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Schoolchildren sow the seeds of partnership

Michael McKillop from Glens of Antrim Potatoes with teachers and pupils from Glengormley Integrated Primary School and Glenann Primary School, Cushendall. INNT 16-504CON

Michael McKillop from Glens of Antrim Potatoes with teachers and pupils from Glengormley Integrated Primary School and Glenann Primary School, Cushendall. INNT 16-504CON

Agri-food business, Glens of Antrim Potatoes, is helping to sow the seeds of partnership amongst local schoolchildren with the launch of a cross-community education campaign.

The project, which officially launched last month, will see P5 and P6 pupils from Glengormley and Cushendall working together to plant, nurture and harvest Irish ‘Lumper’ potatoes - the variety ruined by potato blight during the mid-1800s - in raised beds in their school grounds, whilst learning about the history of the Irish famine.

Principal of Glenann Primary School in Cushendall, Francis Close, said: “We have been working with Glengormley Integrated Primary School for over six years now, rolling out a series of activities throughout the school year to help bring our pupils closer together. The Irish Famine forms an important part of the school curriculum and what better way to teach it than to allow pupils to grow Lumper spuds which are unlike most potatoes they see in the shops, and relates to a period of time that they only ever read about.”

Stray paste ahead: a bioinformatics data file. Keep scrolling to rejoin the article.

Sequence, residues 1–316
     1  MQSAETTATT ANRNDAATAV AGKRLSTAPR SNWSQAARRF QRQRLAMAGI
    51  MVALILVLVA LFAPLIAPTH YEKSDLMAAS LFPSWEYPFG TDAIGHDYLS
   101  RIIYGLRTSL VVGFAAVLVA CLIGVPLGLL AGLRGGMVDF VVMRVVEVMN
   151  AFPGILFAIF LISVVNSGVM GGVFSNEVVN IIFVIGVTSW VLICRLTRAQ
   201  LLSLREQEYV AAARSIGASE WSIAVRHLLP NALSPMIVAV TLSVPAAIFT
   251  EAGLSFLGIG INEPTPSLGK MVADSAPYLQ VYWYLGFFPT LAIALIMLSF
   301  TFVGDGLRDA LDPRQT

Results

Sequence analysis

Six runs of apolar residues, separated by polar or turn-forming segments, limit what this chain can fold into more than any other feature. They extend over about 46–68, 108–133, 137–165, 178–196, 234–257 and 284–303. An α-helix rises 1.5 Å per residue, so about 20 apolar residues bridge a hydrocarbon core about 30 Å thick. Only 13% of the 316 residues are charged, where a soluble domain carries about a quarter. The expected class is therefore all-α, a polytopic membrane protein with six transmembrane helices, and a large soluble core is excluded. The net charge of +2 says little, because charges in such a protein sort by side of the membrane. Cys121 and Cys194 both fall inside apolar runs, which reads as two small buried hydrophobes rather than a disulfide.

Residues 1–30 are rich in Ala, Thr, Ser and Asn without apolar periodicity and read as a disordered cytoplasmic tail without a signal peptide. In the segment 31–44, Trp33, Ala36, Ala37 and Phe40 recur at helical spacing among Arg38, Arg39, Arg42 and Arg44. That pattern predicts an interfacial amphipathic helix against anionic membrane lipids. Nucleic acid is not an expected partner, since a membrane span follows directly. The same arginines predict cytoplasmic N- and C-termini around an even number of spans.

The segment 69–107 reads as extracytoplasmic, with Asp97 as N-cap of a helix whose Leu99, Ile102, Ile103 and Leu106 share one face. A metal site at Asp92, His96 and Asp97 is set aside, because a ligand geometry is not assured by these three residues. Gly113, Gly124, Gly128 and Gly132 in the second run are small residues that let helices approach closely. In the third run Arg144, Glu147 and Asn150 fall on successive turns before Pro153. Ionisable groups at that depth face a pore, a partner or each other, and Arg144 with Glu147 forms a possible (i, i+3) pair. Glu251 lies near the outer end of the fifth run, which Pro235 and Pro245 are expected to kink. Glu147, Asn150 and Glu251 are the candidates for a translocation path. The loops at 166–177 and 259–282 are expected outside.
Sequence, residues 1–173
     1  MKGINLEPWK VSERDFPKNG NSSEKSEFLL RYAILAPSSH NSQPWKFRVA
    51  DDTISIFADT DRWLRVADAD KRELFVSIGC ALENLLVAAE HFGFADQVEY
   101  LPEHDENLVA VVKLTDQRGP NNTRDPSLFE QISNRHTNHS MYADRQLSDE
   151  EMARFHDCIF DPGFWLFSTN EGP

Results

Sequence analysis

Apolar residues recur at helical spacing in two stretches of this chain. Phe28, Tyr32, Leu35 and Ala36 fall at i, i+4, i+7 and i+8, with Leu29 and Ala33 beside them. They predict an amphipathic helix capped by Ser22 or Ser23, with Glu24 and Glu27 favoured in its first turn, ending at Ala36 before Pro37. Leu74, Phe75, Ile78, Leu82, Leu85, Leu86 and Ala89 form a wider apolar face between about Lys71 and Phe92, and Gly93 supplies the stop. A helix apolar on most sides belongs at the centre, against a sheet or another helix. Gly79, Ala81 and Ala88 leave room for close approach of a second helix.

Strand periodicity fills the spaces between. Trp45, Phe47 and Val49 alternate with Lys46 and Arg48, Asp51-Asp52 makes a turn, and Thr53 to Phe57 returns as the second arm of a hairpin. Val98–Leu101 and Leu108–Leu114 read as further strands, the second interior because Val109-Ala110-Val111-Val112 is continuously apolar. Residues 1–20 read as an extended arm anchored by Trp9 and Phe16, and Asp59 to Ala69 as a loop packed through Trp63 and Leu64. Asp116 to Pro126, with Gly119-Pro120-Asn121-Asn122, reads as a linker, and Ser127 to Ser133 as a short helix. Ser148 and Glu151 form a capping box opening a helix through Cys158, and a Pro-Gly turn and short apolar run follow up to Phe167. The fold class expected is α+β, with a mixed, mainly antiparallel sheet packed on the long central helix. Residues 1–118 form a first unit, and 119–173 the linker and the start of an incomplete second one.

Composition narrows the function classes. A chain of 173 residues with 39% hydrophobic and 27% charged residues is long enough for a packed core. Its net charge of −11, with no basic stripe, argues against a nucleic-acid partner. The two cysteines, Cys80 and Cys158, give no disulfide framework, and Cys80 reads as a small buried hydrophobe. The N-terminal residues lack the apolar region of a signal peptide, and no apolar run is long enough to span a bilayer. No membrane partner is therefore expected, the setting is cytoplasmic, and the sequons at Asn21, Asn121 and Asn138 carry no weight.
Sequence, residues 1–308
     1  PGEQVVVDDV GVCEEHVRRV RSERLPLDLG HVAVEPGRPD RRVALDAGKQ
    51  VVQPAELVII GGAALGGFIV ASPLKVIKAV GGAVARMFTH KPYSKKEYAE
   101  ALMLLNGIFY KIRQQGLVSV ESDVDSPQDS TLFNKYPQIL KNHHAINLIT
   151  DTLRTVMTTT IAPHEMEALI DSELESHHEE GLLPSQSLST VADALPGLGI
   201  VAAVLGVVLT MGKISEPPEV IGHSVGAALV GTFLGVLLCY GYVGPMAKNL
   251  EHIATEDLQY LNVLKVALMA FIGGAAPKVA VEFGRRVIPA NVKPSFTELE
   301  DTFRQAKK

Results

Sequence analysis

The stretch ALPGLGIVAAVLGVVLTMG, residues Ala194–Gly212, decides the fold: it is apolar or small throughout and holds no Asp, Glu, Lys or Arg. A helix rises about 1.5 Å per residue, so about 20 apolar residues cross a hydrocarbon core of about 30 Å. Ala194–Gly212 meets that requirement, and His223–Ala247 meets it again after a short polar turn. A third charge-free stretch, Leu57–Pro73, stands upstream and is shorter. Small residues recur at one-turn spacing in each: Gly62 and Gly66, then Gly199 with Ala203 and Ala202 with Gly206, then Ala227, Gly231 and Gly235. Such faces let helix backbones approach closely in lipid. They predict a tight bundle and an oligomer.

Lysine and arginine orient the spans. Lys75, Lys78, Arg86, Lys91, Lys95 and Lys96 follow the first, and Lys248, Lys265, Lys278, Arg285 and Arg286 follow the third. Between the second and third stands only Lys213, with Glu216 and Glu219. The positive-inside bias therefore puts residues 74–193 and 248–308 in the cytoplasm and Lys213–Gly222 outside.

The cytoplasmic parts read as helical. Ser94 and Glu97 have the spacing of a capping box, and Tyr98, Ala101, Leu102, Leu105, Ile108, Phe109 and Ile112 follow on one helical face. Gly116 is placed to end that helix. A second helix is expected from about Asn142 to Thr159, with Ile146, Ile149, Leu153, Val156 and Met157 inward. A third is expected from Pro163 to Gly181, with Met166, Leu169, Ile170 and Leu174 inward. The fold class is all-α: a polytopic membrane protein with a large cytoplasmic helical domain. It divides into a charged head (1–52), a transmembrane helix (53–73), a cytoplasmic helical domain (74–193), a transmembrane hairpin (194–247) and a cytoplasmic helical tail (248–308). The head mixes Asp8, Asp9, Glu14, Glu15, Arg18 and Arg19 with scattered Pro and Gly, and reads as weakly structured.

The schools will receive raised beds, Irish Lumper seeds, equipment and step-by-step growing instructions from Glens of Antrim Potatoes for the project. Later in the year, the pupils will hear from a series of guest speakers who will visit the schools to discuss the history of the Famine and in September the young students will work together to harvest the crop.

Michael McKillop from Glens of Antrim Potatoes commented: “By teaching the children at an early age about the food they eat, we intend to pave the way for a lifetime of healthy eating habits. Growing projects such as this will also help the pupils at both schools learn how to work together, so we look forward to watching long-lasting friendships form between the two groups.”

 
 
 

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